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Why become an Australian citizen

Attracted to a country that offers a safe environment with equal business and employment opportunities and ample access to first world facilities are given as the main reasons for the decision to immigrate to the country considered the second most liveable country in the world – as reported by Time Magazine late last year.

Why Become An Australian Citizen

According to the online expat magazine The South African, “According to the latest statistics (June 2009), there were roughly 149,020 South African-born expatriates living in Australia.

“The year-on-year increment has doubled between 2006/07 and 2009/10, with a little under 12,000 new permanent additions granted Australian visas (majority via the skilled route, 89% to be precise) in 2009/10.”

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Unfortunately officially updated figures are still being compiled but if it is assumed that the trend continued or evened out it is possible that around 400 000 South Africans now call Australia home and many of them have been granted citizenship.

New World Immigration looked into the reasons so many people apply to become Australian citizens.

The Australian government porthole for immigration and citizenship says, “Australian citizenship is an important step in your migration story. Becoming an Australian citizen means that you are making an ongoing commitment to Australia and all that the country stands for. It is also the beginning of your formal membership of the Australian community. It is the step that will enable you to say 'I am Australian'.”

The site goes on to say that Australian citizenship is a privilege that offers enormous rewards. By becoming an Australian citizen, you are joining a unique national community. Australia has been built on the combined contributions of our Indigenous people and those who came later from all over the world. The country celebrates this diversity and at the same time, strives for a unified and harmonious nation.

Responsibilities and privileges of Australian citizenship

As a permanent resident of Australia, you have already enjoyed living in a free and democratic society. When you become an Australian citizen, you will have new responsibilities. You will also have a range of new benefits.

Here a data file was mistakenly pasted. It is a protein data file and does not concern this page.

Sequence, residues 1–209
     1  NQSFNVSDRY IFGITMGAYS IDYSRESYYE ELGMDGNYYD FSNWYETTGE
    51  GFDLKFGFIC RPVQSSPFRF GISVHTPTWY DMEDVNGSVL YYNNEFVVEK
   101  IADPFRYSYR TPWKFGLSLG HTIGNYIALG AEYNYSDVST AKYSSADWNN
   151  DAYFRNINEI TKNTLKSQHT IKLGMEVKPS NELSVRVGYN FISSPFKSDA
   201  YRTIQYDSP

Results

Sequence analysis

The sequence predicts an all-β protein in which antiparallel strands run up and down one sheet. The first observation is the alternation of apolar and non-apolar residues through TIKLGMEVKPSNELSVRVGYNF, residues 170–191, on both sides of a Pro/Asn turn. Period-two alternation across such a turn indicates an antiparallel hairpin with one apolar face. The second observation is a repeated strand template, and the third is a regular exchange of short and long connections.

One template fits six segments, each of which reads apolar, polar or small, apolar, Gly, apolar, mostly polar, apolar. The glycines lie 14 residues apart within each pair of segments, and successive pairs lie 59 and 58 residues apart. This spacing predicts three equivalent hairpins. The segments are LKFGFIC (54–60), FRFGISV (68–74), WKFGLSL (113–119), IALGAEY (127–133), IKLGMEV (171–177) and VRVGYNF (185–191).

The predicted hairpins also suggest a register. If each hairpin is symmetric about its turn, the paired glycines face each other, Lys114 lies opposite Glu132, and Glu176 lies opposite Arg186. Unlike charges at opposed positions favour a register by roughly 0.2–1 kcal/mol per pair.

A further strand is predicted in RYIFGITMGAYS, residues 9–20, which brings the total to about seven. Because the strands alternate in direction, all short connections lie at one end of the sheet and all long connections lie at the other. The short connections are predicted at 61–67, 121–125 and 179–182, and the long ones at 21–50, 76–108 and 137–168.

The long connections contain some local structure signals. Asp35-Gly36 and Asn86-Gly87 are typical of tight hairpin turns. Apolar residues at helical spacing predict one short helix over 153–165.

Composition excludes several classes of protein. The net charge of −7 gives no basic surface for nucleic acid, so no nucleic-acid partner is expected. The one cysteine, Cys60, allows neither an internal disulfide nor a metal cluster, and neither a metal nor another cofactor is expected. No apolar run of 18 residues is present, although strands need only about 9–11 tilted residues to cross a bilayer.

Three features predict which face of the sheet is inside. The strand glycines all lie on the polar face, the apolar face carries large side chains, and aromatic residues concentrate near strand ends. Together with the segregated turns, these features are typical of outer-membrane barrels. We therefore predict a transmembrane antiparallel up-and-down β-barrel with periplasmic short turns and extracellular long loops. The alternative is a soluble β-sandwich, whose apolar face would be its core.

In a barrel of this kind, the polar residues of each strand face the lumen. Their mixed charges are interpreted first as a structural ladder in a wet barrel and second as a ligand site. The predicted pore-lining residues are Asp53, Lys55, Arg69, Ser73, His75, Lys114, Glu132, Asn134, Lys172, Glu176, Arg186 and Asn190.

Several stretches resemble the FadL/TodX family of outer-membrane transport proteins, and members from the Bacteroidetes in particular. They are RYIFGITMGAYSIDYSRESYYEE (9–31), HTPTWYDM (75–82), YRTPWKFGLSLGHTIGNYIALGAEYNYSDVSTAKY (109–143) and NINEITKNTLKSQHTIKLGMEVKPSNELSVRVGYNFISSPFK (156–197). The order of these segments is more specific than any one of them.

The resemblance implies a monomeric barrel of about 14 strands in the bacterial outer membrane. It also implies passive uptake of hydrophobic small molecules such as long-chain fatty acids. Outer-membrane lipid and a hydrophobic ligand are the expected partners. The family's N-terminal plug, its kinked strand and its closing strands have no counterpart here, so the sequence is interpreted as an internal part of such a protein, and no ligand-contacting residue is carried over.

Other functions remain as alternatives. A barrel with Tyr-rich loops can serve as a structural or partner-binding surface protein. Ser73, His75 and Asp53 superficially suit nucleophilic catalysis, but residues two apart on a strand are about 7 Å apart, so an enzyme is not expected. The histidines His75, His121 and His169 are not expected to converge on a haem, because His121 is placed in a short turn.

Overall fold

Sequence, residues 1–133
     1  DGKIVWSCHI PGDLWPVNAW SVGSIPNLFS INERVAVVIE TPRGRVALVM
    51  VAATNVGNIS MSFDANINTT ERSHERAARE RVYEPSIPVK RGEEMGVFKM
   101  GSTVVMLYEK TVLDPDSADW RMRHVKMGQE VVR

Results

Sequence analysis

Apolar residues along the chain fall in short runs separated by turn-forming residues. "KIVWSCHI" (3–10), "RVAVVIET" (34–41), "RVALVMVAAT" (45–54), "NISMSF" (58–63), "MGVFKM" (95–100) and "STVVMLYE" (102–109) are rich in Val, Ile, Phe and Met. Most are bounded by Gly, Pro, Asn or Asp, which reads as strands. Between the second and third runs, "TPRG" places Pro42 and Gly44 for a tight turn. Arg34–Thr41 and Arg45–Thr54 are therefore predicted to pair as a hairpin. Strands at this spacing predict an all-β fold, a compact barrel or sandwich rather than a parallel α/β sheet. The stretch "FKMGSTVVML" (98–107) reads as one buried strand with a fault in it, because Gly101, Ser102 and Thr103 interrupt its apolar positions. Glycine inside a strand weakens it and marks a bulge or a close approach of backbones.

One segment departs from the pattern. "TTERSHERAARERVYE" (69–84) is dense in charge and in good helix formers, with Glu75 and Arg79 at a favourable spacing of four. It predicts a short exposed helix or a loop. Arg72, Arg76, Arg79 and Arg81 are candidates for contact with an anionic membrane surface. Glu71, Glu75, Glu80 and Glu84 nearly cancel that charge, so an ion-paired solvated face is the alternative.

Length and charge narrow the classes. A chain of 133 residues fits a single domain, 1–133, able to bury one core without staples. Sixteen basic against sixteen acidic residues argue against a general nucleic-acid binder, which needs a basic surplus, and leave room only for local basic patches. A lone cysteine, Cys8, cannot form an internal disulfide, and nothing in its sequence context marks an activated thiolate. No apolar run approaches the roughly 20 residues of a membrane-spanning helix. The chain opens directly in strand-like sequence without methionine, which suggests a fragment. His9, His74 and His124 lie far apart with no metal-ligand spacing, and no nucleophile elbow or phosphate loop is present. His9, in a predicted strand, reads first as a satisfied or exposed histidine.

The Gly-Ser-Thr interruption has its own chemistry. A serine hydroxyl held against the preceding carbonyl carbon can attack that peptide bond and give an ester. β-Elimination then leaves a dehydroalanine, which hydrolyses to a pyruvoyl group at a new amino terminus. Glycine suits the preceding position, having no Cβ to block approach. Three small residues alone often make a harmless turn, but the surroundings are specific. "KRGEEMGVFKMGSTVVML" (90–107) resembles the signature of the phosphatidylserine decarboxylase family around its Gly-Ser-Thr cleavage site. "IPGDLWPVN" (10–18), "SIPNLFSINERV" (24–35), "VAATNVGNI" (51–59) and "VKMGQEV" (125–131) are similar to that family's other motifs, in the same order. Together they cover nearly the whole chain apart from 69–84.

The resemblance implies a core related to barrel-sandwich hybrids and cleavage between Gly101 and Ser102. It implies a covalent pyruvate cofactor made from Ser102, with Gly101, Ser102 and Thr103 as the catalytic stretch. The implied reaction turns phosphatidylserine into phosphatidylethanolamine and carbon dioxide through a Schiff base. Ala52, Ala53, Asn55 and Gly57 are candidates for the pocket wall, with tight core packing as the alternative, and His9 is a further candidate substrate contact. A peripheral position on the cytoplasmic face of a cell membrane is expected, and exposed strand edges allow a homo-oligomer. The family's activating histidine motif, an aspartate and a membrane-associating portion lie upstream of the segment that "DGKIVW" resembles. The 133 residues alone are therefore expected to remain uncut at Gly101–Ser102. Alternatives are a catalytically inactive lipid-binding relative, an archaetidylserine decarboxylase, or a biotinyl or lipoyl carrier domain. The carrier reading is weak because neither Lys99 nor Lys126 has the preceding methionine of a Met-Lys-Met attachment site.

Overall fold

Responsibilities – what you will give Australia

As an Australian citizen you must:
• obey the law
• defend Australia should the need arise
• serve on a jury if called to do so
• vote in federal and state or territory elections, and in a referendum

Privileges – what Australia will give you

As an Australian citizen you have the right to:
• vote in federal and state or territory elections, and in a referendum
• apply for work in the Australian Public Service or in the Australian Defence Force
• seek election to parliament
• apply for an Australian passport and re-enter Australia freely
• receive help from an Australian official while overseas
• register children born overseas as Australian citizens by descent.

Australia's democratic beliefs, rights and liberties

At the citizenship ceremony, you pledge that you share Australia's democratic beliefs and that you respect the rights and liberties of the people of Australia.

Australia’s democratic beliefs
• Parliamentary democracy
• The rule of law
• Living peacefully
• Respect for all individuals regardless of background
• Compassion for those in need

Australian freedoms
• Freedom of speech and freedom of expression
• Freedom of association
• Freedom of religion and secular government

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Australia believes in equality
Equality of men and women
Equality of race and religion
Equality of opportunity

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